Despite some valid points, Hindert's argument is based on the flawed assumption that structured settlement agents offer a single product. There are actually a variety of products on offer with a common chassis (kind of like Charles Darwin's Finches-left)
- A structured settlement annuity is type of qualified funding asset that has many types of structured benefit payments. But for the fact that some ingenious actuary figured how to do it all in one contract and medical underwriting, you'd be looking at the need to purchase multiple products in an attempt to approximate the same cash flows. For example you might need a SPIA and multiple SPDAs in an attempt to approach what a structure can (without the income tax benefits).
- By definition a variable structured annuity such as MetLife's Settlement Plus is a separate product that comes under additional and different regulatory oversight than fixed annuities.
- By definition periodic payment reinsurance contracts are different products providing a different solution to different exposures.
- By definition a non qualified structured settlement or non qualified assignment is another product offering a variety of different solutions to aspects of cases in the personal injury area, but mostly outside of the personal injury area. Hindert never seems to address non qualified assignments in his writing about settlement planning, even though it is very possible that even a personal injury case could have taxable elements to it (e.g. punitives, taxable interest). Why?
- By definition a funding agreement is yet another product solution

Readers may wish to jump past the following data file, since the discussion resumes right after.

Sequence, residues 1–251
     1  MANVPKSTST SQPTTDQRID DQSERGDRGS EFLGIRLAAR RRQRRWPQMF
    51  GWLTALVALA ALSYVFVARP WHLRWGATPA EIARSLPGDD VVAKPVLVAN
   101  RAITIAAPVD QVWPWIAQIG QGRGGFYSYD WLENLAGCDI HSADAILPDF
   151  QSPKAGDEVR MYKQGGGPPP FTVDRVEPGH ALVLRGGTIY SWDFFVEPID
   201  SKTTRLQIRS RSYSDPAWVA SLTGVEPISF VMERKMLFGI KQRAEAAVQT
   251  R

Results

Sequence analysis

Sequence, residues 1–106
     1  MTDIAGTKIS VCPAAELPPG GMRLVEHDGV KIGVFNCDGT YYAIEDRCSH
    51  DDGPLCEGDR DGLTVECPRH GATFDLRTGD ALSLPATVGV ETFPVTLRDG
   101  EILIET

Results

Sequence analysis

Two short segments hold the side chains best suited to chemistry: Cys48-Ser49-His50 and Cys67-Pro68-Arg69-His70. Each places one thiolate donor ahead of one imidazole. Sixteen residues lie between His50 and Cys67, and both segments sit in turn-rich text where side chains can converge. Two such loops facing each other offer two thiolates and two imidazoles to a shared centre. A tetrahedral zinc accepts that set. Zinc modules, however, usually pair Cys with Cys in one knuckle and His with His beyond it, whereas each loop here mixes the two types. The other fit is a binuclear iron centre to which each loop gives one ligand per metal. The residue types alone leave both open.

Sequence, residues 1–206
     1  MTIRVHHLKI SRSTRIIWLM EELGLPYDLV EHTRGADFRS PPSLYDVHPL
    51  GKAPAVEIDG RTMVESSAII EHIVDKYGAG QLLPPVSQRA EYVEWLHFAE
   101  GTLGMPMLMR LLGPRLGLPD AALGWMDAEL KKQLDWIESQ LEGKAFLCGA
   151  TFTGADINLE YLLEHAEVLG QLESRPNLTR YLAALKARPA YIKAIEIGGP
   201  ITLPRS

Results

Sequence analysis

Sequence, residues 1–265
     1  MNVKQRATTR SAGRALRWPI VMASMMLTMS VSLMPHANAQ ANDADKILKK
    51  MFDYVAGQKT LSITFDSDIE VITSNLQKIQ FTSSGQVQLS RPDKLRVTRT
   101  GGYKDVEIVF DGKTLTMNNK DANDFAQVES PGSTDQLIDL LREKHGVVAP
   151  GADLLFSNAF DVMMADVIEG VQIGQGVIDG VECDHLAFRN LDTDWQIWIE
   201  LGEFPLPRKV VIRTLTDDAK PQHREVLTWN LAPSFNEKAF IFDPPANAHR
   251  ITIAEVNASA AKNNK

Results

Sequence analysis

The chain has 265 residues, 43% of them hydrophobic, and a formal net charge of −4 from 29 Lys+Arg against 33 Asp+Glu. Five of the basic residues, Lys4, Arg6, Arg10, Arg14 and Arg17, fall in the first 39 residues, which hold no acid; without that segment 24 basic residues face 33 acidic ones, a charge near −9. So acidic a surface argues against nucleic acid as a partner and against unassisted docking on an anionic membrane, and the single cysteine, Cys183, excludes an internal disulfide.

- By definition a United States Treasury Bond Trust is another structured settlement product offering.
- If you check you will find that some of these products require separate filings with state insurance commissioners. In the case of variable products there are additional filings and licenses require.
Let's Take A Break in the "Action"
“There are worse things in life than death. Have you ever spent an evening with an insurance salesman?” – Woody Allen
A. Yes Woody, but have YOU spent an hour with Patrick Hindert discussing chaotic concept maps?
When asked how he could sell such an intangible product as life insurance, the late Ben Feldman of New York Life responded "I do not sell life insurance. I sell money. I sell dollars for pennies apiece. My dollars cost 3 cents per dollar per year." Ben Feldman sold alot of one product, more than $1 billion of it from 1942 to 1993.
His obituary that appeared in the New York TImes November 10, 1993 stated
"While some agents would appeal to fear or shame in pushing a policy to a reluctant buyer, industry experts said Mr. Feldman would somehow discover a more positive approach that would harness a buyer's best instincts".
Those elements of the structured settlement industry who use fear and shame armed with antique "smoking guns" as business motivators could well learn from the lessons of Ben Feldman.
The point, however long winded and entertaining...
Pat, take your foot off the gas and let's try to be a little more positive.